Best of Springfield

Best Theater Production

Hairspray

click to enlarge PHOTO BY TOM ZOSCHKE
Photo by Tom Zoschke

BEST THEATER PRODUCTION 
Hairspray at The Legacy Theatre


In 18 performances over four weeks this past July, The Legacy Theatre presented this amazing version of Hairspray, acknowledged by our readers as the best theater production of 2019. The stage setup was staggering in size, including hundreds of costumes, wigs and props, as well as breathtaking choreography (literally, say the players) and a good deal of determination to put on a show that might be considered a bit controversial by certain folks in the community. Scott Richardson, overall director of the show and executive director of the Legacy, thrives on challenges and considers this performance, “as big a show as we have ever done,” and that’s saying a lot from this bunch. From purchasing and restoring the rundown theater to staging regional debuts of fresh national musicals, Richardson has always taken the road less traveled and we are all the better for his ambition and success.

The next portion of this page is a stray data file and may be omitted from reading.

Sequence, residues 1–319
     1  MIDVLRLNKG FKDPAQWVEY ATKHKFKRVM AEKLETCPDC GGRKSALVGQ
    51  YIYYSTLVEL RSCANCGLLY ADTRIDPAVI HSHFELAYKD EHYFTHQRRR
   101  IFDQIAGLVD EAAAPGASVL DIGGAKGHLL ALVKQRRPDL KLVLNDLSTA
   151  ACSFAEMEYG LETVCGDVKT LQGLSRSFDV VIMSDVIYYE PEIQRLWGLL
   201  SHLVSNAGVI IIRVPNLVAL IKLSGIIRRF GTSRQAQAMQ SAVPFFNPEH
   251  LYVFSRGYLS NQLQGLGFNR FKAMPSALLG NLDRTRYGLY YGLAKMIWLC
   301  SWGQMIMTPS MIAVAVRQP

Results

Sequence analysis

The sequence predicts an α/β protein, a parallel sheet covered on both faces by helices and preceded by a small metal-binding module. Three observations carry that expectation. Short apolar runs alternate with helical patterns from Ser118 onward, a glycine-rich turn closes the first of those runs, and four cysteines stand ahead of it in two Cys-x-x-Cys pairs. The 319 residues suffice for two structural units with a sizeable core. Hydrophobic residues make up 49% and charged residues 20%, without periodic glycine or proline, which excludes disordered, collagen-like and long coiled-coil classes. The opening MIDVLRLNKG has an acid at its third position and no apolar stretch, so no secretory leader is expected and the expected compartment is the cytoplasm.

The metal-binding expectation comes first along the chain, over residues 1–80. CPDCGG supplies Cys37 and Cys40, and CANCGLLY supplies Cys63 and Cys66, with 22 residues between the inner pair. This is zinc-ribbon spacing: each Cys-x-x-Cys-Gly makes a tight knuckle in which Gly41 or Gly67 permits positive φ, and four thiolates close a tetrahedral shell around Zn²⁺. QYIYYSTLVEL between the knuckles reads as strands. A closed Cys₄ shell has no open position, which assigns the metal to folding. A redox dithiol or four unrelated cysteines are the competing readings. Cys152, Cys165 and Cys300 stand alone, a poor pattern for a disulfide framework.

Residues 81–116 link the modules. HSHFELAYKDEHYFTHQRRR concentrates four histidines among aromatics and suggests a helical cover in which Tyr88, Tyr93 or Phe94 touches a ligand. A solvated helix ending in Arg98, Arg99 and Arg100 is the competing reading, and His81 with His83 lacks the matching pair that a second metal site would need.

Originally a 1988 film by John Waters set in Baltimore in 1962, Hairspray hit Broadway as a musical in 2003. The play became a popular, if daunting, performance piece that not only depicts basic human struggles, but deals with race and gender issues to do much more than just tell a good story. Perhaps the depth of the script helped our readers in their decision to reward the Legacy, but most certainly strong performances by cast members had a bearing as well.

Ed MacMurdo, one of only six adults in the play along with several younger actors, received community accolades for playing the part of Edna, the mother of Tracy, the teenage girl who is the focus of the show. Edna is traditionally portrayed in drag ever since Waters cast female impersonator Divine in the original movie, and Ed, as Edna, learned to dance well in high heels while wearing dresses with extra padding to achieve the look of a middle-aged, matronly mother. Other cast members deserving recognition include Ainsley Chandler as Tracy Turnblad, Samantha Mool as Penny Pingleton, Jeremiah Brown as Link Larkin and Tiffany Williams as Motormouth Maybelle, along with several other supporting roles behind the curtain and on the stage.

Congratulations to the creative crew at The Legacy Theatre for this show and also for their many other progressive productions, including the recent, regional debut of the Tony Award-winning musical, Bright Star.

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